And there was one other thing that particularly struck me. I had forgotten, since my first reading, the scene in which the Fool restores to Fitz all the pain and shame and youthful agonies which he poured into Girl On A Dragon in Assassin’s Quest, and this took on an intriguing new light in view of my recent reading of Ship of Destiny. To what extent, I wonder, can we draw parallels between Fitz and Kennit in this respect? (There is an amusing but possibly coincidental aural similarity between their names, if we go with the name by which Fitz’s mother called him – Kennit / Keppet.) Both have reacted to their painful childhoods by literally pushing the memories out of their minds and both have ended up as less than whole men, because ultimately humanity is the sum of everything we have within us, good and bad. Having seen Kennit’s miserable end, the Fool is presumably determined not to let Fitz suffer in the same way and to give him back everything he needs to know himself as a whole person. And in this particular case, perhaps painful memories are the greatest gift one person can give to another.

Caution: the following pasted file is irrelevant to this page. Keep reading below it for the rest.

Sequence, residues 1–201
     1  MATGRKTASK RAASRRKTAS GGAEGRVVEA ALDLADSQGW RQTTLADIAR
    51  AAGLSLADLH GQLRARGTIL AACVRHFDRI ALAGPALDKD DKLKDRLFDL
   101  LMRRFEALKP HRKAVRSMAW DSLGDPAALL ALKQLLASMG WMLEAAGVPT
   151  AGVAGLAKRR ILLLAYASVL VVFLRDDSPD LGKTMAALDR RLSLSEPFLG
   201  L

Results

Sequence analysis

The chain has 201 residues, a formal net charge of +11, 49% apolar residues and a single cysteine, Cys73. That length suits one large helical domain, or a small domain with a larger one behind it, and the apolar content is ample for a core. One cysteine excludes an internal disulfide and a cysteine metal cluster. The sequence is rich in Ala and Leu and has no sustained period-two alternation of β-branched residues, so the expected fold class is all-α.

Fool’s Fate is full of Hobb’s characteristic skill, but it’s a cold, hard book and not just because of the barren icy landscapes the characters find themselves wandering through. There are levels of physical brutality that we haven’t seen since Royal Assassin, including some truly horrific moments. This is coupled with a new sense of emotional detachment as Fitz, already parted from Nighteyes, finds himself increasingly estranged from the Fool. It felt as though Hobb has suddenly realised how interdependent she has made her two main characters and, knowing what will come, tries to make the bond lighter. The result is that, on the one hand, Fitz suddenly gains a place in a community, as he is tied into a network of relationships with his fellow Skill-coterie members, Kettricken, Dutiful and the members of the court who make their way to Aslevjal. On the other hand, I couldn’t help feeling that the warm thread of the relationship between him and the Fool, which provided the glowing heart of the previous books for me, was here more muted, making an uncomfortable void at the centre of the story.